The letter for this post comes from Margaret Mitchell and is addressed to a Mrs McAloney. It was Mitchell's response to McAloney's suggestion that Mitchell herself play a role in the film. Written on 9 December 1936 when Katherine Brown had just left Atlanta, this letter is worth reading as Mitchell jokes about Brown having had the ideal Scarlett right under her nose the whole time!

Margaret Mitchell
Katherine "Kay" Brown flanked by Douglas Fairbanks Jr. (l.) and Jock Whitney, David Selznick's financial backer. Brown had suggested Margaret Mitchell's novel to Selznick and had urged him to buy the film rights. Selznick, initially unimpressed with the novel, was eventually persuaded. Kay Brown and Margaret Mitchell would become friends during the making of GWTW and remained so afterwards.
Image: heritage auctions (reproduced with permission)

Transcript:

Atlanta, Georgia
December 9, 1936

Dear Mrs. McAloney:

Thank you so much for the grand compliment you paid me when you wrote that you would like for me to appear in the film of "Gone With the Wind". I must admit that the idea had never occurred to me and honesty forces me to admit that my age and my type would not appeal very much to the movie directors, but I think you were more than kind to write and tell me about this. Thank you, too, for your congratulations about the book. I think I will write Miss Katharine Brown, of the Selznick Company who was giving auditions here, and tell her to hurry back- that the one and only Scarlett has been right here under her nose! She is a well-bred young woman but I am afraid she will blast me if I do this!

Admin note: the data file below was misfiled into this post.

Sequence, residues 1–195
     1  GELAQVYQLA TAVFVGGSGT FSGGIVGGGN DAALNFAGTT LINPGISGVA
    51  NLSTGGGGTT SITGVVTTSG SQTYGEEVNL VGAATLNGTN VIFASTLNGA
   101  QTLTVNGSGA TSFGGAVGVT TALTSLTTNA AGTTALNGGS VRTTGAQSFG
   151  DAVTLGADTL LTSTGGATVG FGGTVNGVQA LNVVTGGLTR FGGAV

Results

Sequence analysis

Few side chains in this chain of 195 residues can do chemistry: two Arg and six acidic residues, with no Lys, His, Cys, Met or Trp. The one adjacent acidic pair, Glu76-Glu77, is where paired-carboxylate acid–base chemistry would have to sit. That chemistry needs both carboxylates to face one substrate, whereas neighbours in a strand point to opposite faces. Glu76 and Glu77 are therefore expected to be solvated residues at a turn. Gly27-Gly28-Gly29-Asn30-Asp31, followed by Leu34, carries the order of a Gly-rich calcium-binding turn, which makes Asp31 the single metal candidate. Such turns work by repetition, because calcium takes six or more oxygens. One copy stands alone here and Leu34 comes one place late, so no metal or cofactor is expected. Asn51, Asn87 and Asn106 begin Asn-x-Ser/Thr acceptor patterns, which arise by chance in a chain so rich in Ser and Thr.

Cordially,

(signed)
Margaret Mitchell Marsh.

At the GWTW film premiere in Atlanta on 15 December 1939 --from left to right: Vivien Leigh, Clark Gable, Margaret Mitchell, David O. Selznick and Olivia de Havilland.

3 March 2015

Damn those germs!

The story surrounding Joan Crawford's only Oscar win is legendary. Joan was not present at the Oscar Ceremony (held on 7 March 1946) to accept her prize for her performance in "Mildred Pierce" because she was sick in bed. At least, being sick was Joan's explanation then. It wasn't until years later that she admitted: "I remember how I felt the night the Awards were presented. Hopeful, scared, apprehensive, so afraid I wouldn't remember what I wanted to say, terrified at the thought of looking at those people, almost hoping I wouldn't get it, but wanting it so badly--no wonder I didn't go. I stayed home and fortified myself, probably a little too much, because when the announcement came, and then the press, and sort of a party, I didn't make much sense at all, even though I wanted to spill over..." [via]

After Joan had won her Oscar, it wouldn't be long before the congratulations came pouring in. Billy Wilder and his writing buddy Charles Brackett were amongst the ones to congratulate her, and it's their joint note to Joan which is shown below.

"Whether the Academy voters were giving the Oscar to me, sentimentally, for 'Mildred' or for 200 years of effort, the hell with it- I deserved it."
Image letter: heritage auctions (reproduced with permission)

Transcript:

March 16, 1946

Dear Joan: 

Goddamn those flu germs that kept you away. It was a circus, and you were the Queen.

We love you.

Always,

Charlie (signed)
Charles Brackett

Billy W. (signed)
Billy Wilder